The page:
A defendant may remove a civil action filed in state court if the action could have been filed originally in federal court. 28 U.S.C. § 1441(a). A plaintiff may seek to have a case remanded to the state court from which it was removed if the district court lacks jurisdiction or if there is a defect in the removal procedure. Id. § 1447(c). The general removal statutes are 18 construed restrictively so as to limit removal jurisdiction. 19
Shamrock Oil & Gas Corp. v. Sheets, 313 U.S. 100, 108--09 (1941). 20
Federal jurisdiction "must be rejected if there is any doubt as to 21 the right of removal in the first instance." Duncan v. Stuetzle, 22 76 F.3d 1480, 1485 (9th Cir. 1996) (quotations omitted). The 23 burden of establishing federal jurisdiction for purposes of removal 24 is on the defendant. Valdez v. Allstate Ins. Co., 372 F.3d 1115, 25 1117 (9th Cir. 2004).
District courts may exercise diversity jurisdiction in the 27 first instance where "the matter in controversy exceeds the sum or 28 value of $75,000, exclusive of interest and costs" and there is complete diversity of citizenship between the plaintiff and 2 defendants. 28 U.S.C. § 1332(a). Upon removal, the defendant 3 bears the burden of showing that it is more likely than not that 4 Ins. Co., 116 F.3d 373, 377 (9th Cir. 1997). 6 7 well established that the amount in controversy is measured by the 8 value of the object of the litigation." Hunt v. Wash. State Apple 9 $75,000 is in controversy. See Singer v. State Farm Mut. Auto. 5
"In actions seeking declaratory or injunctive relief, it is Adver. Comm'n, 432 U.S. 333, 347 (1977). "The value of an 10 injunction may not be capable of precise determination, but precision is not required." Mailwaukee Mailing, Shipment and Equip., Inc. v. Neopost, Inc., 259 F. Supp. 2d 769, 772 (E.D. Wis. 2003). Where, as here, a plaintiff seeks to invalidate a non- competition clause, courts sometimes "look to the profits earned by the employer on business generated by the employee during the period immediately preceding his termination to determine the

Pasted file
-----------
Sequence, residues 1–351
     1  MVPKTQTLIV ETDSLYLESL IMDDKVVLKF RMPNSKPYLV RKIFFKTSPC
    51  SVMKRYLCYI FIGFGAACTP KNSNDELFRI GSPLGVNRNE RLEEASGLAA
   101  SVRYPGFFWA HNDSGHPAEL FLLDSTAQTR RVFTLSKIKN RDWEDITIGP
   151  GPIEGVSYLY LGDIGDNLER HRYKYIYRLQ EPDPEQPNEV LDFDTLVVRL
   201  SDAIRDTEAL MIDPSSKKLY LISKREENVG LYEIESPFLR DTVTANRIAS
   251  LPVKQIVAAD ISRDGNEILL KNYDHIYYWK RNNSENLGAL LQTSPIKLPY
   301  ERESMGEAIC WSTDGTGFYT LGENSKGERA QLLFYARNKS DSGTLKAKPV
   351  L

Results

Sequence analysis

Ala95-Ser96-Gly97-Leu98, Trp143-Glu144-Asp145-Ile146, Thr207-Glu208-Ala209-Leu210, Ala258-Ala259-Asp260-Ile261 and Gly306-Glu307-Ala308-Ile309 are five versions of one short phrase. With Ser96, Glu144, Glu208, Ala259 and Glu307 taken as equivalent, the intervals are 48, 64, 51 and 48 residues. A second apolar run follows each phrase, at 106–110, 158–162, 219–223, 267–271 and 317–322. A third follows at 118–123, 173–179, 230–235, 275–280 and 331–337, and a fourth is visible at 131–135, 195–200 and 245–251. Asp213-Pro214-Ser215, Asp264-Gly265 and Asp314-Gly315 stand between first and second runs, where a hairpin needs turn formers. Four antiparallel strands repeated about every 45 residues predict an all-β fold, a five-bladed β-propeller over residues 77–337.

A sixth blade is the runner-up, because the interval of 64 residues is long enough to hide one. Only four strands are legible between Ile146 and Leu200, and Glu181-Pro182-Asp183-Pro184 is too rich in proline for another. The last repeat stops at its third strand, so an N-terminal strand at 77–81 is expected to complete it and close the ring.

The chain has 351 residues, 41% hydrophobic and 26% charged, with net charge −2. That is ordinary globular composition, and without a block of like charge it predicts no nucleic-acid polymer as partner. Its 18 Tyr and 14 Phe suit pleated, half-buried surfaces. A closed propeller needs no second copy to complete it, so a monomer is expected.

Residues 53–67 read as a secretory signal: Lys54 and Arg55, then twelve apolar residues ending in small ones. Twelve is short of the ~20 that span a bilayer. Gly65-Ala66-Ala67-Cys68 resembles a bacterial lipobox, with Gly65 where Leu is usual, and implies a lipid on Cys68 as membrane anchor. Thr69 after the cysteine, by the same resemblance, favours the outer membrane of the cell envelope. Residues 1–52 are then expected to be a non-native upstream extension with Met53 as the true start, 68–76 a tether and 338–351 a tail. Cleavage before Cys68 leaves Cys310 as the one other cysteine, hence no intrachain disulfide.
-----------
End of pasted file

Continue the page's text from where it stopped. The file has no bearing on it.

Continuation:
amount in controversy." See Luna v. Kemira Specialty, Inc., 575 F. 18
Alternatively, courts have considered the Plaintiff's salary or the 20 likely financial impact of Plaintiff's competition during the non-21 compete period. See Davis v. Advanced Care Techs., Inc., CVS 06 22
Under any of these measures, the amount in controversy requirement 24 is satisfied here. 25
26 the employee -- RIPM's corporate counsel and secretary declares 27 that "the potential expected profit from many of Plaintiff's 28 investment leads, if acquired and developed, was in the millions of
Supp. 2d 1166, 1172 (C.D. Cal. 2008) (quotations omitted). 19
02449 DFL DAD, 2007 WL 1302736, at *2 (E.D. Cal. May 2, 2007). 23
With respect to the first measure -- the profits generated by
dollars." Wood Decl. ¶ 10.*fn2 Plaintiff essentially argues that 2 because the profitability of these leads cannot be precisely or 3 accurately measured until some future date, Plaintiff's value to 4
Defendant's business is too speculative to be considered for the 5 purposes of an amount in controversy determination. See Reply ISO 6
MTR at 3. This argument is unavailing. It is often difficult to 7 directly measure an employee's contribution to a business's profits 8 and revenues. However, that does not mean the employee's value to 9 the business is zero. Here, Plaintiff played a central and high-10 level role in Defendant's business operations since he was one of
only two employees with direct responsibility for generating
Defendant's patent investment leads and opportunities. See Wood
Decl. ¶¶ 3, 5. Based on Plaintiff's job ...